The American women are off to a roaring start in the 2016 Olympics soccer tournament, but when the men's soccer tournament begins today, the USA will not be there. The U.S. failed to qualify after losing a two-leg playoff against Colombia earlier this year.

For fans who want to root for the USA, it's a disappointment. But when it comes to the future of American soccer, does it actually matter that the men aren't in Brazil? Well, that depends on how you look at it.

Unlike on the women's side where the tournament includes full national teams, Olympic soccer for the men is mostly a youth tournament for players age 23 and younger. Many countries around the world don't worry all that much about winning an Olympics on the men's side. But to not even compete in the tournament is another matter.

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Missing an Olympics is hardly the disaster that missing a World Cup would be, but it's still a wasted opportunity to give U-23 players experience they won't otherwise gain. Alexi Lalas, a former U.S. national team defender who played in the 1992 and 1996 Olympics, told FOX Soccer the value of the Olympics is not so much in the games themselves but in the tournament environment that can't be replicated.

"You learn the way to play in a tournament," he said. "The way you play in a tournament is very different than the way you play one-off friendlies and certainly in a club situation. It is a unique and specific type of skill. That's part of why Germany is so good -- yes, they're good at soccer in general, but they're also very good at tournament play."

But it's difficult to know how much missing out on that experience affects the youth national team program as a whole.

Of the 20 players who were part of the U-23 roster that failed to qualify for the 2012 Olympics, none have become regular members of the senior national team. Players like Mix Diskerud, Juan Agudelo and Terrence Boyd have been the closest to becoming staples, but none have really stuck. The 2008 roster that got knocked out in the group stage has its share of players who fell by the wayside too, but it also includes the likes of Michael Bradley, Jozy Altidore and Brad Guzan, who seemed to thrive after the Olympics and have ended up as vital pieces for the U.S. senior team.

It's a chicken-or-egg sort of question -- did the 2008 Olympics help them turn into key senior team players, or were already destined for the senior national team, which is why they helped carry their team through Olympic qualifying? Stu Holden, who was a member of that 2008 team and played for the senior team until injuries ended his career, was another player who thrived after the Olympics -- and he gives credit to the experience.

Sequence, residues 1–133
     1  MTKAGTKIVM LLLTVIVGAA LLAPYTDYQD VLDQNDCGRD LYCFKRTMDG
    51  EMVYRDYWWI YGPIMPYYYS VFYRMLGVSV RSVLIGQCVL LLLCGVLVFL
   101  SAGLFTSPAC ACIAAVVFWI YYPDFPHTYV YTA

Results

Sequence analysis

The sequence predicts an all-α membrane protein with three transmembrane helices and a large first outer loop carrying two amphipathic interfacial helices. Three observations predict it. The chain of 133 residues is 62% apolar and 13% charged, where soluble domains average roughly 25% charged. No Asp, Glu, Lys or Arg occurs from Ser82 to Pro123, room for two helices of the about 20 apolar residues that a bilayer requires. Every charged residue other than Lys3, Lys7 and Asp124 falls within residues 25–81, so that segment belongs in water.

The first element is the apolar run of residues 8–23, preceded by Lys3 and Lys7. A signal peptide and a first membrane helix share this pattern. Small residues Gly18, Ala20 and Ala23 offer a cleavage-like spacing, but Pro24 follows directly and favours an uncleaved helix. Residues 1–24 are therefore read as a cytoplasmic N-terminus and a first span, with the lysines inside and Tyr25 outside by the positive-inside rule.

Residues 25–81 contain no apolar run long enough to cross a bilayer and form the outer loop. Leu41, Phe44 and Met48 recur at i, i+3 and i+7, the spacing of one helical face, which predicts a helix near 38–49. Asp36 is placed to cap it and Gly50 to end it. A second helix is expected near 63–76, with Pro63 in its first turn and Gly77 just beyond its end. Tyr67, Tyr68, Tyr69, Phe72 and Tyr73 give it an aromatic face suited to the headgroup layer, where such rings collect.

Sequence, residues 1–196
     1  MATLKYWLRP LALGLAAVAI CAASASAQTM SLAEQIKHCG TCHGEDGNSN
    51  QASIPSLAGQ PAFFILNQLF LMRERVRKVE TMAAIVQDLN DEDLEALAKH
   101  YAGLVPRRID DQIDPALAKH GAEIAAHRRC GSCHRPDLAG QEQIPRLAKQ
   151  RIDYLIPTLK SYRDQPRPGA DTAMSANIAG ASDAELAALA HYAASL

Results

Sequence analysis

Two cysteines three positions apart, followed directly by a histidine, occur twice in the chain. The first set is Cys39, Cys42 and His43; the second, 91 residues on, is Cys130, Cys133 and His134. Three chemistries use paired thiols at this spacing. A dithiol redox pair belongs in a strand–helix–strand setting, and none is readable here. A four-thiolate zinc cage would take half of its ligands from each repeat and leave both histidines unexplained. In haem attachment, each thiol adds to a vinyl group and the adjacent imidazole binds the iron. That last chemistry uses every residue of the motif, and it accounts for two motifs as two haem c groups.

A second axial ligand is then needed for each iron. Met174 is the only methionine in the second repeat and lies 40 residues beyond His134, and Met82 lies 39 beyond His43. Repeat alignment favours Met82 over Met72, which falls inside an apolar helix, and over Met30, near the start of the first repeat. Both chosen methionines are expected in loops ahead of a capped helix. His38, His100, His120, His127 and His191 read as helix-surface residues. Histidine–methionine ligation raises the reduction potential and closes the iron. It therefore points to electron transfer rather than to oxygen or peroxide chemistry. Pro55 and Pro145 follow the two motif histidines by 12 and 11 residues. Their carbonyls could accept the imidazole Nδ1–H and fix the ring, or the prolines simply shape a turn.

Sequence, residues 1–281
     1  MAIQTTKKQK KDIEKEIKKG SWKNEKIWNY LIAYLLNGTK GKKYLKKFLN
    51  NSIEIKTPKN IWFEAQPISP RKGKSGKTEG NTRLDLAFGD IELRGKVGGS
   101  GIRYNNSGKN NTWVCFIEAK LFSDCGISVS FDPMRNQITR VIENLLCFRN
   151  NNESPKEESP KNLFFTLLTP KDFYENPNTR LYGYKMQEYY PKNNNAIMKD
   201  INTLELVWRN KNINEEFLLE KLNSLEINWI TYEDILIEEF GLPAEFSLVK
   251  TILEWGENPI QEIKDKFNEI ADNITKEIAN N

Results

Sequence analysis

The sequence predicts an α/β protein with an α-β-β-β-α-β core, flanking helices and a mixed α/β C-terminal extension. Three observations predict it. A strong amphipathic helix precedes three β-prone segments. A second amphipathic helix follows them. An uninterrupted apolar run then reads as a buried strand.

"It's hugely damaging [for the U.S. to miss the Olympics]. Having been a part of one, I knew how instrumental that was for my development as a player," Holden said recently. "All these players are missing out on yet another major tournament."

Of course, what probably stung the most when the American U-23s failed to qualify was what it signified: The U.S. failed to qualify for the men's tournament in consecutive Olympics for the first time in nearly 50 years. It felt like a backward slide away from progress.

But was it really? Success on the youth level certainly doesn't always translate to success after those players graduate to the senior national team. For the senior national team, the goal is always clear: win a World Cup or get as close as possible. But it's a bit more nuanced on the youth level, where players are being developed and identified for a place on the senior national team. In that sense, failure doesn't always mean the same thing for prospective Olympic teams as it does at the highest level.

"We don't necessary know what the marching orders are," Lalas said. "I'd want those players knowing that it's not just about winning, it's about your development and the value you are going to bring to the senior national team, but I don't know if that's what the message is from coaching staff. So, sometimes it's hard for us to judge." (Caleb Porter and Bruce Arena, two former U.S. Olympic coaches who now coach in MLS, both declined to comment for this article.)

What is clear, though, is that Jurgen Klinsmann has made qualifying for the Olympics a priority and the U.S. failed. Klinsmann is not only the coach of the senior national team, but the technical director who helps oversee youth development. Given the emphasis he has placed on the Olympics, clearly he sees value in the U.S. competing such a tournament.

So, while it probably isn't a devastating calamity that the USA won't be competing in the men's soccer tournament today, it's also not what anyone would've preferred. The Olympics represents valuable experience that probably impacts some players more than others. How much it will hurt player development for those missing out is a question that probably won't be possible to answer for a few more years.

In the meantime, fans can always watch the women's tournament, where the Americans are favorites to win gold.

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